- Pronunciation: FRAY-ur
- Other names: Yngvi, Frey
- Parents: Njord and Skadi
- Powers: God of fertility and peace
The gods of the ancient world are often neither good nor evil but, as with human beings, they are fallible and can sometimes do bad things. The Norse god Freyr is no different, but if there ever was a competition for most beloved deity, Freyr would stand a good chance of walking away with the prize.
Who is Freyr?
Freyr is a member of the Vanir tribe. There are two tribes of gods in Norse mythology, the Vanir and the Aesir. The Vanir are generally considered fertility gods, while the Aesir are known as warrior gods.
As such, it makes sense that Freyr is known as a god of fertility and peace. He is also strongly associated with the sun, which gives us a good idea of his importance. Across many cultures, sun gods tend to be at, or close to, the top of their respective pantheons.
Freyr is described in old poems as being first among the gods when it came to reputation. Apparently, no one disliked him among all the people.
Freyr is usually depicted as a virile, muscular man with long flowing hair. Often, he is carrying a sword and he is almost always accompanied by his gigantic golden-bristled boar, Gullinbursti. Since Freyr is both the son of the ocean god and himself the sun god, we can see both of those themes in artwork that depicts him. Some images will show him holding an antler, since in one of his myths he is forced to give his sword away and must make do with an antler instead. As a god of fertility, Freyr is sometimes shown as a man who is very well-endowed.
Like nearly all of the Norse gods, Freyr is part giant – in this case, on his mother’s side. He’s the son of the frost giantess, Skadi, and the god of the sea, Njord. He is also the twin brother of his equally beautiful and famous sister Freyja. His sister rules over much that Freyr does, but additionally presides over death and war.
Some accounts do not identify Skadi as Freyr’s mother, but rather as the unnamed sister of Njord. In that case, Freyr’s mother would also be his aunt, but that sort of marriage was not at all uncommon among the gods.
After Freyr was born, he was given a gift to commemorate his first tooth, which is a Norse tradition. That gift was Alfheim, one of the nine worlds in the branches of Yggdrasil and home to the elves. It’s not clear if this actually makes Freyr the ruler of Alfheim, but it certainly was his home.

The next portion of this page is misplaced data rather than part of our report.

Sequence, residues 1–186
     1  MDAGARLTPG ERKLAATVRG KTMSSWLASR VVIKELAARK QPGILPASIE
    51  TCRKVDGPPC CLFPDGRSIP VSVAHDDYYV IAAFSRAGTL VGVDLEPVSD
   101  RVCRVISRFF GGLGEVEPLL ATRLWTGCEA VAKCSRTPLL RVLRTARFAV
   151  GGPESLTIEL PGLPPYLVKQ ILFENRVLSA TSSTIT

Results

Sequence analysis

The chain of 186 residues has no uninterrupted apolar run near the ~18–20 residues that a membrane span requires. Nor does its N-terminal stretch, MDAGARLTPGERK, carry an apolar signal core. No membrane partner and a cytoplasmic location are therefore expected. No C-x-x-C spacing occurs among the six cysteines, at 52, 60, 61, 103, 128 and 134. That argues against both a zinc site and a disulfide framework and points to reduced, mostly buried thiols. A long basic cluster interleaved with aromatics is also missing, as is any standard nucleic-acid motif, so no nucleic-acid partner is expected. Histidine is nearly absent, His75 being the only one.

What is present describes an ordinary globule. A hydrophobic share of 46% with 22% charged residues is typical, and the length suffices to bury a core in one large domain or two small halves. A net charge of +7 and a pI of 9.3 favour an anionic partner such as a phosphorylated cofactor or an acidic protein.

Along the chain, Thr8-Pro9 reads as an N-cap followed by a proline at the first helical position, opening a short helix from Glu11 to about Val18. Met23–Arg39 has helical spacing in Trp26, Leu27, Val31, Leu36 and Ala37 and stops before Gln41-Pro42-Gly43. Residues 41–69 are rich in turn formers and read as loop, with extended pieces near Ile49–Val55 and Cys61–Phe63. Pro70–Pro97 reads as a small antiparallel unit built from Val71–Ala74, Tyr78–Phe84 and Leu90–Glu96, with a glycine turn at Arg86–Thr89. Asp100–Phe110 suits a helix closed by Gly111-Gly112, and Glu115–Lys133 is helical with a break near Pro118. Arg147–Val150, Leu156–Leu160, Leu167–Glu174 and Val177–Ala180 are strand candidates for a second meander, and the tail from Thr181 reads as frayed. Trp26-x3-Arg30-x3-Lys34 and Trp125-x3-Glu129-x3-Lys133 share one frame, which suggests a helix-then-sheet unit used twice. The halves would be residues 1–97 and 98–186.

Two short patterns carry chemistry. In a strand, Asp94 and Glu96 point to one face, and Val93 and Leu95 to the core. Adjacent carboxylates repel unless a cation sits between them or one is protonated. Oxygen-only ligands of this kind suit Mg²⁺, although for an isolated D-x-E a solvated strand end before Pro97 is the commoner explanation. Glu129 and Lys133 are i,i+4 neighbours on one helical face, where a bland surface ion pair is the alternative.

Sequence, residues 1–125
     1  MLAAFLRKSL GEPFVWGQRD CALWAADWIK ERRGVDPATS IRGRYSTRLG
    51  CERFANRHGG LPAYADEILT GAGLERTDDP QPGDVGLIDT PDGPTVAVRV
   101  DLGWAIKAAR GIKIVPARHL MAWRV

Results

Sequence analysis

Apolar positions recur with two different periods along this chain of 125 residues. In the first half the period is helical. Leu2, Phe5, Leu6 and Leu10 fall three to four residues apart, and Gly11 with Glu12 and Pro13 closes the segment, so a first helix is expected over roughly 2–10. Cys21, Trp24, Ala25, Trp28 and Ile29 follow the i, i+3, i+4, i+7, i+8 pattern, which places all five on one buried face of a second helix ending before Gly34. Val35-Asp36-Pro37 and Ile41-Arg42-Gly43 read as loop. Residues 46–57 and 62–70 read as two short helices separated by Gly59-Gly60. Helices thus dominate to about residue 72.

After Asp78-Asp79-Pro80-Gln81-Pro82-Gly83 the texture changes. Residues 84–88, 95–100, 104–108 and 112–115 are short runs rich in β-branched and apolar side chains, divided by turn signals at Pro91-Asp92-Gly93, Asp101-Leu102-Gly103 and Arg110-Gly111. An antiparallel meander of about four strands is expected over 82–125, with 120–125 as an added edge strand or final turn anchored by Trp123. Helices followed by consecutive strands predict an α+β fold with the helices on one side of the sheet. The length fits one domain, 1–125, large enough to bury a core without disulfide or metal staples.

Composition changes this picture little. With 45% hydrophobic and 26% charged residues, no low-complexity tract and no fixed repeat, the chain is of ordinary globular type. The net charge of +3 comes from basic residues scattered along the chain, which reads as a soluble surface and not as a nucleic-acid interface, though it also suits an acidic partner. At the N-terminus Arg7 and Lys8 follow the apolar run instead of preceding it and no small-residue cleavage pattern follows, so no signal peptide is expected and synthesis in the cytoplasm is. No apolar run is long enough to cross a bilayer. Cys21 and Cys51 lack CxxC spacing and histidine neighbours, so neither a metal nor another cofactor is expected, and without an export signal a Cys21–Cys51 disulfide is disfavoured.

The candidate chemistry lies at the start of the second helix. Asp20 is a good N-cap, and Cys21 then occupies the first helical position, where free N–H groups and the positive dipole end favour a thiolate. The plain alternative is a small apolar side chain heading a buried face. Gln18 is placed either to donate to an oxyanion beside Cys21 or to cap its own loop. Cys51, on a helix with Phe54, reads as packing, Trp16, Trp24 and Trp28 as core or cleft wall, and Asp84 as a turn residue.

Over the course of his life, Freyr came into possession of many treasures, much as you’d expect for a god of wealth.
One of his greatest treasures was his ship, Skithblathnir. This ship was an amazing magical vessel that always had a favorable wind, no matter what. That, however, was not its greatest trick: Skithblathnir could be folded up into a tiny object that could fit inside a bag. This amazing ship let Freyr travel the seas easily. On land he wasn’t forced to go on foot, either. He had a magnificent chariot drawn by boars that brought peace wherever it went.
One of the most famous stories in Freyr’s history tells us how he fell in love. After the war between the Aesir and the Vanir was over, Freyr became one of the hostages who joined the Aesir. One day, he decided to sit on Odin’s throne, which had the power to show the user anything in the nine worlds of Yggdrasil.
From there, he could see the frost giant Gerd. Freyr was instantly smitten. He sent one of his servants, named Skirnir, to seek out Gerd and propose that she become his wife. He had to do this by going to her father, Gymir’s, hall so that he could be asked for permission to wed.
This was a pretty dangerous trip, so Skirnir asked his lord Freyr for the necessary equipment to complete his mission. Skirnir took many of his master’s magical treasures, including his horse and his sword. He also took gifts to present to Gerd. Skirnir was given golden apples and a golden armband with which to try and woo Gerd.
Though it was a tough journey, Skirnir eventually managed to stand before Gerd and make the proposal on behalf of Freyer. Unfortunately, Gerd was unswayed by the offerings of gifts. She was also unfazed by his threat to behead her with Freyr’s sword. Finally, he managed to get her to agree by cursing her with magic cast with his master’s sword. It’s under this threat that she finally swears her love to Freyr.
Skirnir returned to Freyr to give him the news that Gerd would meet him and marry him. The sword, however, stayed with Skirnir, a price that Freyr gladly paid despite the fact that it would leave him without protection when the end of the world, Ragnarok, came to pass. This decision meant that Freyr knowingly doomed himself to death, but he deemed this a better fate than a life without Gerd.
Since he is such a prominent god in Norse mythology there are extensive writings about him and his deeds. As with most Norse mythology, we can read about him in the Prose Edda and Poetic Edda. There are many archeological forms of evidence that Freyr has been worshipped, and the oldest written record dates to about the year 1125.
Worship of Freyr is especially associated with Sweden, so much so that it is believed the Swedish royal house directly descends from him. Clearly, he is woven deeply into the culture and history of the Scandinavian and Germanic people, a radiant god whose presence can still be felt today in the art and stories of that part of the world.